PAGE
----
Figure 1 shows a graphical definition of gaming and simulation as presented by Richard (Dick) Duke and later expanded upon by Ivo Wenzler and Swen Stoop. It shows that game and simulations are abstracted representations of reality, the level of abstraction being depended on purpose we aim to achieve. The orange circle in the middle shows the game-simulation and its application environment. To the left and right we see the 5 most basic building blocks of games and simulations. These are:







There is a growing fuzzy overlap involving games and simulations forming something we identify as game-simulations. is are blurring, particularly with serious application in education, training, research and innovation. In these cases the concept of more appropriate. Still, the concepts of game and simulation are used because they relate to different aspects. Games are activities that are mostly oriented at improving human cognitive and tasking skills, while simulations are activities that are mostly oriented at representing reality as good as possible. Here the concepts of games and simulations help us understand and communicate the capabilities, functions and utility of games and simulations.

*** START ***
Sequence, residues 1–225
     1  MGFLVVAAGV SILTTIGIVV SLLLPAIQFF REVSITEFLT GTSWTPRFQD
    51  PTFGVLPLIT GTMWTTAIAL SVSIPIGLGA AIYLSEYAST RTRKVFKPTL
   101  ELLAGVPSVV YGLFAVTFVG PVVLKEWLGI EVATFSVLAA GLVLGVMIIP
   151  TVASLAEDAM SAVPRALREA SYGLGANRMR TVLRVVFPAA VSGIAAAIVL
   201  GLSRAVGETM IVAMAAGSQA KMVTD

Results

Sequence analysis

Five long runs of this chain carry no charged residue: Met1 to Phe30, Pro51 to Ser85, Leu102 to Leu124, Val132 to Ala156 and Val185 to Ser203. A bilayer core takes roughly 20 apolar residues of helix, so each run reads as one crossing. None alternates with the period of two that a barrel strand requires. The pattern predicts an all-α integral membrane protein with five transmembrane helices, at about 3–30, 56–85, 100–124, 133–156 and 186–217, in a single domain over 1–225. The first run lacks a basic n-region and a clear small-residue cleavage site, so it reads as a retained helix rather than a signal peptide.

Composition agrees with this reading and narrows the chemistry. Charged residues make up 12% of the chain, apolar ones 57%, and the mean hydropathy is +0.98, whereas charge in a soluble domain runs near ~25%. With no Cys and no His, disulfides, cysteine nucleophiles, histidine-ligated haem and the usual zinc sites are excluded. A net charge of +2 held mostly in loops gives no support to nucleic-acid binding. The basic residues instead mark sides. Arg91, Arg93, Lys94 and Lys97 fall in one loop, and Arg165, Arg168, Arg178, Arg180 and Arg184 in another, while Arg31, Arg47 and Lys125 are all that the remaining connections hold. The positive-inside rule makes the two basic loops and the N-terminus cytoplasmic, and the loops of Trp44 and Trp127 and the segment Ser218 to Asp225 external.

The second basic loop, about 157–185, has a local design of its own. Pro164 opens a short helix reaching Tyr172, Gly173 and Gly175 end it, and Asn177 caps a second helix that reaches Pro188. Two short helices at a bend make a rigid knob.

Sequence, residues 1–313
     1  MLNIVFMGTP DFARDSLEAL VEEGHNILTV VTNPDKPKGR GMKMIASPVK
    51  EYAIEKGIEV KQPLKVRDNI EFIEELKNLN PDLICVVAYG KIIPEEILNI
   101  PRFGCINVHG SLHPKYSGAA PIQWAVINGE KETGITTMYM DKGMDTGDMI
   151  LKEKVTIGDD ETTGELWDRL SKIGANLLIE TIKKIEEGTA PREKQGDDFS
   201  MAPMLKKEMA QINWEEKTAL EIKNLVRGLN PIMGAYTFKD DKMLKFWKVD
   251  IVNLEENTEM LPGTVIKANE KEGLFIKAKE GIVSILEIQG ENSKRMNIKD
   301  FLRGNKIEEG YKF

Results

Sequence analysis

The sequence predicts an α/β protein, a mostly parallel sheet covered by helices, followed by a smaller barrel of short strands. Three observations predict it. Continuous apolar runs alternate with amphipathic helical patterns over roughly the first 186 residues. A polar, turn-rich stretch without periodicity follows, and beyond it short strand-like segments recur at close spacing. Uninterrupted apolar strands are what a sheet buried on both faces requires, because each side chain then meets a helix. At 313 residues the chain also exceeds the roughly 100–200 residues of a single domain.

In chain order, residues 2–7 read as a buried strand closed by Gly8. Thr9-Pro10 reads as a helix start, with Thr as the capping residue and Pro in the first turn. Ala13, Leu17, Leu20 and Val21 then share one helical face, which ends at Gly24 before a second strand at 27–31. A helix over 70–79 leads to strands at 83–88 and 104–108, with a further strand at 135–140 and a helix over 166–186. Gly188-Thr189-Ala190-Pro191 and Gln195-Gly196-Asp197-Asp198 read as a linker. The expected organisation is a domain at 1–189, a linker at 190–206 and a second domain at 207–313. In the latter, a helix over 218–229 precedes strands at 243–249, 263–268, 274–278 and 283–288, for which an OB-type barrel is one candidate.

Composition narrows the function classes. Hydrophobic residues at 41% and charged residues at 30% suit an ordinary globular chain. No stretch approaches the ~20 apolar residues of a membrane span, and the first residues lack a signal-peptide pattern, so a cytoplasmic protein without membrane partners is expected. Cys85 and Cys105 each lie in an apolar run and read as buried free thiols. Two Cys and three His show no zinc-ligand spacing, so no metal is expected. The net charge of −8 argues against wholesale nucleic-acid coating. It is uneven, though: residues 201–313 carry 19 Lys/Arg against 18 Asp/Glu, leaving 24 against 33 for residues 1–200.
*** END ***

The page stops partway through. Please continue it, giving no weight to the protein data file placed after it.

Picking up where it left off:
At DS Online the topic area Games and Simulation is about games and simulations in a digital environment. We would also like to focus on distributed online games and simulations and on standardization.



Feedback & Contact


We want your feedback and comments on this topic area, its content and format. The success of this topic area relies on the development of a community that reads and contributes to its development. The development of standards for game technology and simulation models depends on practitioners, designers, educators and researchers communicating and sharing knowledge and experience about the best practice in design and application.


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Edited April 2007, version 0.1 Swen